So what do we do? We confess to one another. We confront the places where we aren’t reflecting the Gospel. We speak Truth, we dismantle systems of oppression and segregation, we reconcile ourselves as individuals and communities. This will be a testimony to the power of the Gospel and it’s ability to transform us today. As we consider what this looks like for each of us in our lives, I want to return, as Eugene Cho did, to the story of the Samaritan woman. In this account we see what can happen when we pause, see another and meet them where they are. In this story, her encounter led her to join missio dei:

Many of the Samaritans from that town believed in him because of the woman’s testimony, “He told me everything I ever did.” So when the Samaritans came to him, they urged him to stay with them, and he stayed two days. And because of his words many more became believers. They said to the woman, “We no longer believe just because of what you said; now we have heard for ourselves, and we know that this man really is the Savior of the world.” John 4:39-42

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A Reflection on “Love, Sex and Dating” by Andy Stanley (Part Six)

I’d strongly suggest starting at Part 1, it’s probably worth it. We’re diving into “The Talk,” in chapter 8. It’s maybe the talk we should have gotten, but most of us didn’t, and even if we did, most of us didn’t listen.

Sex isn’t just physical. Sex in more than just physical. Way more.” (132) Many of us might feel the truth in this statement, but often don’t act that way. Society doesn’t tell us this either: hook-up culture is rampant. If you’re being safe and it’s consensual, enjoy. Satisfy those physical urges, right? But sex is more because you are more. You are way more than a body. Think this isn’t true? “If sex is just physical, then once any physical damage was healed, that would be the end of it. Granted, there may be some residual trust issues to work through. But every pastor, counselor, and victim knows the flood of emotions associated with sexual abuse goes way beyond trust issues.” (133) Andy Stanley walks through several more examples, including rape, to help highlight the fact that sex goes way beyond the physical.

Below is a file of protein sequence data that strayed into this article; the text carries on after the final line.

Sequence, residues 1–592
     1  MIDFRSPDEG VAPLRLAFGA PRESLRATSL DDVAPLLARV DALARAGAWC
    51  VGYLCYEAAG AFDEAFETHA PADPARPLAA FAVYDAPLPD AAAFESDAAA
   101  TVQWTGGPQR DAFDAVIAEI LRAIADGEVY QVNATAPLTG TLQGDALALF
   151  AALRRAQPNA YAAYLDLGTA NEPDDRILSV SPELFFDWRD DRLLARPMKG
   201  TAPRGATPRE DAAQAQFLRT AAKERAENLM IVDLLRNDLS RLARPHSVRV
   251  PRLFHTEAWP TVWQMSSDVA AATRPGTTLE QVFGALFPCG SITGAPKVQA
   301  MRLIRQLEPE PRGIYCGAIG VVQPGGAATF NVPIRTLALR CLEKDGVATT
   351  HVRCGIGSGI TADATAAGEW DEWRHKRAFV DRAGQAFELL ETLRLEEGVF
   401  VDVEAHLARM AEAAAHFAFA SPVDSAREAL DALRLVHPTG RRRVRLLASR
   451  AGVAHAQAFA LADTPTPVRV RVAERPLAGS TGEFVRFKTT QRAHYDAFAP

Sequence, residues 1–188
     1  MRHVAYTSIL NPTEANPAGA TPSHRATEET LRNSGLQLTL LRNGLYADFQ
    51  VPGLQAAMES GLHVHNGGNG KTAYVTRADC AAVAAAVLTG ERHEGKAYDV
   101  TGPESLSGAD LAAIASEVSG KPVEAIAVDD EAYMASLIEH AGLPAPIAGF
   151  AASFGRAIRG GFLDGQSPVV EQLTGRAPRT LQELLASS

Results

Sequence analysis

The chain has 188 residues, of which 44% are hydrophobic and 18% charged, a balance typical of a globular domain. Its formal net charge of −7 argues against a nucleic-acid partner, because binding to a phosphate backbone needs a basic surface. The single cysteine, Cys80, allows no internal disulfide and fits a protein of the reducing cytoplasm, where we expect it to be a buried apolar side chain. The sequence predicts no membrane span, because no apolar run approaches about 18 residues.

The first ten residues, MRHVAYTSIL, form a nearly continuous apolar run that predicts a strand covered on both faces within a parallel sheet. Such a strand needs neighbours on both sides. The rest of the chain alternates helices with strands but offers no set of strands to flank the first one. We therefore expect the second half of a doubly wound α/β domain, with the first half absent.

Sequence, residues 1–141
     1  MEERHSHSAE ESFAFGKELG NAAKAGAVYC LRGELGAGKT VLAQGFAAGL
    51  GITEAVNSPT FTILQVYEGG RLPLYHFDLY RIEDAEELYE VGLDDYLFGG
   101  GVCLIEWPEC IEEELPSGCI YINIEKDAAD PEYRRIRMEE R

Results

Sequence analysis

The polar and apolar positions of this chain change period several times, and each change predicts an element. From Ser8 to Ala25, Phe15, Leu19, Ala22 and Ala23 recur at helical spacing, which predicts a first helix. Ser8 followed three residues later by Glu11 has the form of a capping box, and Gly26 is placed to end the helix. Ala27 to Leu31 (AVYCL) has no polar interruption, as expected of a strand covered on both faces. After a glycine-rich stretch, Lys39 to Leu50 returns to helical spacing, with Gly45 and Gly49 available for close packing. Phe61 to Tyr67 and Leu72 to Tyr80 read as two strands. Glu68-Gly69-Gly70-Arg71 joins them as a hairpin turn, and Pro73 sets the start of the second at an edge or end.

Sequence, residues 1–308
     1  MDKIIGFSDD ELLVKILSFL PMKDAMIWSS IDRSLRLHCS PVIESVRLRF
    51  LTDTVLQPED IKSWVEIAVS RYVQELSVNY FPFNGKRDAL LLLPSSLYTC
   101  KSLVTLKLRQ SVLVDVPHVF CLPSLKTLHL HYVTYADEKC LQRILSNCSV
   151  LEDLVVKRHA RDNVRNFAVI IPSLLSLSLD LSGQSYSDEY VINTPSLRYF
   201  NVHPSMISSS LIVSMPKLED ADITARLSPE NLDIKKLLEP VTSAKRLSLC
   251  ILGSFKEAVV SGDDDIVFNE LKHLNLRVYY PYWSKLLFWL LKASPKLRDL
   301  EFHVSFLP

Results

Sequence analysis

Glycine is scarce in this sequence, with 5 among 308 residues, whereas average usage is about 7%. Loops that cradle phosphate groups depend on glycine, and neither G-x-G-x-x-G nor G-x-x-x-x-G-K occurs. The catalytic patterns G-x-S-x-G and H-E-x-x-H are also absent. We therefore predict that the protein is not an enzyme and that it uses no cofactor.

He then looks at the connection between sexual addiction and alienation from fathers. Having talked to dozens of men with these issues, something else was revealed: “The men I’ve talked to would be quick to tell you their sexuality and their sexual struggles are not just physical. Something other than their male appetite for sex was driving their self-destructive behavior. Many of these men had given up on actual sex.” (136) Consider this, if sex is “just sex,” why the sense of betrayal when someone in a marriage has sex with someone outside a marriage? Why is that one of the deepest cuts you can make to the trust in your relationship? Or why do people care about the sexual history of the person you date? It comes down to our desire for intimacy. “You may find this difficult to believe, but you have an appetite for intimacy… knowing fully and being fully known… There’s a significant and mysterious connection between one’s sexual experience and one’s capacity to experience relational intimacy.” (138)